Aristotle

Aristotle
384 B.C.
322 B.C.

Greek Philosopher, Student of Plato, Teacher of Alexander the Great, Scientist, Explored Physics, Metaphysics, Poetry, Theater, Music, Logic, Rhetoric, Linguistics, Politics, Government, Ethics, Biology and Zoology

Author Quotes

Hope is a waking dream.

Honor others, for honor belongs to the one who bestows it and not to the one who receives it.

Health is better than strength and beauty.

He is by nature a slave who is capable of belonging to another.

He who has never learned to obey cannot be a good commander.

Happiness seems to require a modicum of external prosperity.

Happiness is the true foundation of existence.

Good laws, if they are not obeyed, do not constitute good government.

Happiness is the meaning and the purpose of life, the whole aim and end of human existence.

Friendship is communion.

Fear is pain arising from the anticipation of evil.

Every state is a community of some kind, and every community is established with a view to some good; for mankind always act in order to obtain that which they think good. But, if all communities aim at some good, the state or political community, which is the highest of all, and which embraces all the rest, aims at good in a greater degree than any other, and at the highest good.

Every rascal is not a thief, but every thief is a rascal.

Every result of chance is from what is spontaneous, but not everything that is from what is spontaneous is from chance.

Every action must be due to one or other of seven causes: chance, nature, compulsion, habit, reasoning, anger or appetite.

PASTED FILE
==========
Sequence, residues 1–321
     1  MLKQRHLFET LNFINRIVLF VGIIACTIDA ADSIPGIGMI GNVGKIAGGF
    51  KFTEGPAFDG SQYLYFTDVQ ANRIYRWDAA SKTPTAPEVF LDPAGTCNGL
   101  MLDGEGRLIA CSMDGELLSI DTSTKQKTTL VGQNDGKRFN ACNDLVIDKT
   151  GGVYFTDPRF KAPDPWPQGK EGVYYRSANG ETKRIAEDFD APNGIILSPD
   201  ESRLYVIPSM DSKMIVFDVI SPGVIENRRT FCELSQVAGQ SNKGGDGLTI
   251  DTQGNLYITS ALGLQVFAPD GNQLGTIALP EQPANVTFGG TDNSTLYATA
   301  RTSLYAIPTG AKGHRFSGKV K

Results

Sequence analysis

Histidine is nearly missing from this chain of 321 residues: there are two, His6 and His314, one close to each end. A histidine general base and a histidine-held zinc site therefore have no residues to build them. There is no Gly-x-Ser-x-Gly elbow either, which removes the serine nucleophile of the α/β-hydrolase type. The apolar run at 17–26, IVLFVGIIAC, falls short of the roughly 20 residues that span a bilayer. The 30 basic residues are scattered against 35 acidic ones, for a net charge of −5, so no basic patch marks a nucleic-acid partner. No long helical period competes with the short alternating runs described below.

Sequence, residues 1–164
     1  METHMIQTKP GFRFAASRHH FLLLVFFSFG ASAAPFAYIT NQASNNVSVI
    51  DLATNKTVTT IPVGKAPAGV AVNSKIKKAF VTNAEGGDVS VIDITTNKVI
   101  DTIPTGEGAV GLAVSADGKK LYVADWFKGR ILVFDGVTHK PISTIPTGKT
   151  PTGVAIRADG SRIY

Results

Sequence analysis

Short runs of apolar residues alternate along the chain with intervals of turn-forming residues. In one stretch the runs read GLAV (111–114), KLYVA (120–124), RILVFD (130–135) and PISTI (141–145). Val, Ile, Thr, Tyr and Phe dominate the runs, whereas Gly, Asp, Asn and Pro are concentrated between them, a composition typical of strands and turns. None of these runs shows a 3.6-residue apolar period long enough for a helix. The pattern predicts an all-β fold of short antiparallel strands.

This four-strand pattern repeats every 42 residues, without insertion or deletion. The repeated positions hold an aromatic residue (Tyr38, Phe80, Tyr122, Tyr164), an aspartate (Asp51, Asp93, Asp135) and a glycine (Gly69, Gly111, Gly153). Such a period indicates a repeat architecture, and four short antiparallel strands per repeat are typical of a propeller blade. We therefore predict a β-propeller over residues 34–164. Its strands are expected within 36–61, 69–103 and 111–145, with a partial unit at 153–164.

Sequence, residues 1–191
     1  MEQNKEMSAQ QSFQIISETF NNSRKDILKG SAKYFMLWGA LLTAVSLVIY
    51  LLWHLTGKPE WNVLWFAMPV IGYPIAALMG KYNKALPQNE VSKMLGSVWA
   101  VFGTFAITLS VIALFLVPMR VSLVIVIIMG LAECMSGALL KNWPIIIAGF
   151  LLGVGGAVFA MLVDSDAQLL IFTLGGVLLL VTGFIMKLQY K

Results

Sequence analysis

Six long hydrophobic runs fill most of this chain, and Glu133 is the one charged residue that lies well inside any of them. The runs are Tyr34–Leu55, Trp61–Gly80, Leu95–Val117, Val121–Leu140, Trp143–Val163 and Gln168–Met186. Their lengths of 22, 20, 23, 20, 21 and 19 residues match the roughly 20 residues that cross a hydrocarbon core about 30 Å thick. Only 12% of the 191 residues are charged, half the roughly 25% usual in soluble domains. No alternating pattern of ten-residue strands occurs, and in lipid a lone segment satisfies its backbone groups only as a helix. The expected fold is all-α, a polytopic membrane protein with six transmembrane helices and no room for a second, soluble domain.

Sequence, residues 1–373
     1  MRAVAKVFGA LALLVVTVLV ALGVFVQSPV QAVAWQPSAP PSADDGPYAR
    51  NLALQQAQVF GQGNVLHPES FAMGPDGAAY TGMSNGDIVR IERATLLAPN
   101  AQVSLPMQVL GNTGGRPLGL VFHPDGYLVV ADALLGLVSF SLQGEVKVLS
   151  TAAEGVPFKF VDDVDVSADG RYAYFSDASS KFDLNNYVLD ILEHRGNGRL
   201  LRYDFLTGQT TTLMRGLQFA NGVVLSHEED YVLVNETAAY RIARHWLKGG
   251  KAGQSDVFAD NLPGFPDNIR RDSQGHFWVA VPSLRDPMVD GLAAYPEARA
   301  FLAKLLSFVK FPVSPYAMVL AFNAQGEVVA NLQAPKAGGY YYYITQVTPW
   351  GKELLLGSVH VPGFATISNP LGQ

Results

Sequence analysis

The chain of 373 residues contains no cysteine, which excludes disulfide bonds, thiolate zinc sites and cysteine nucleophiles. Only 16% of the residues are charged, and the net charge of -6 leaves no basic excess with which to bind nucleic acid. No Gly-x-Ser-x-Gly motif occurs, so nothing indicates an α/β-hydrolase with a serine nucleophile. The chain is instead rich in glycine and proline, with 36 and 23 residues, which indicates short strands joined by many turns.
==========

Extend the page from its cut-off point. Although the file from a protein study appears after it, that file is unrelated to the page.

Elderly Men... have lived many years; they have often been taken in, and often made mistakes; and life on the whole is a bad business. The result is that they are sure about nothing and under-do everything. They ‘think,’ but they never ‘know’; and because of their hesitation they always add a ‘possibly’ or a ‘perhaps’, putting everything this way and nothing positively. They are cynical; that is, they tend to put the worse construction on everything. Further, their experience makes them distrustful and therefor suspicious of evil. Consequently they neither love warmly nor hate bitterly, but... love as though they will some day hate and hate as though they will some day love. They are small-minded, because they have been humbled by life: their desires are set upon nothing more exalted or unusual than what will help them to keep alive... They live by memory rather than by hope; for what is left to them of life is but little as compared with the long past; and hope is of the future, memory of the past... Old men may feel pity, as well as young men, but not for the same reason. Young men feel it out of kindness; old men out of weakness, imagining that anything that befalls anyone else might easily happen to them.

Equality is friendship.

Education is an ornament in prosperity and a refuge in adversity.

Education is the best provision for old age.

Doing well and happiness are the same thing.

Democracies are safer and more permanent than oligarchies, because they have a middle class which is more numerous and has a greater share in the government; for when there is no middle class, and the poor greatly exceed in number, troubles arise, and the state soon comes to an end.

Democracy arose from men's thinking that if they are equal in any respect, they are equal absolutely.

Comedy aims at representing men as worse, and tragedy as better than in real life.

Consider pleasures as they depart, not as they come.

Character is that which reveals moral purpose, exposing the class of things a man chooses or avoids

Author Picture
First Name
Aristotle
Birth Date
384 B.C.
Death Date
322 B.C.
Bio

Greek Philosopher, Student of Plato, Teacher of Alexander the Great, Scientist, Explored Physics, Metaphysics, Poetry, Theater, Music, Logic, Rhetoric, Linguistics, Politics, Government, Ethics, Biology and Zoology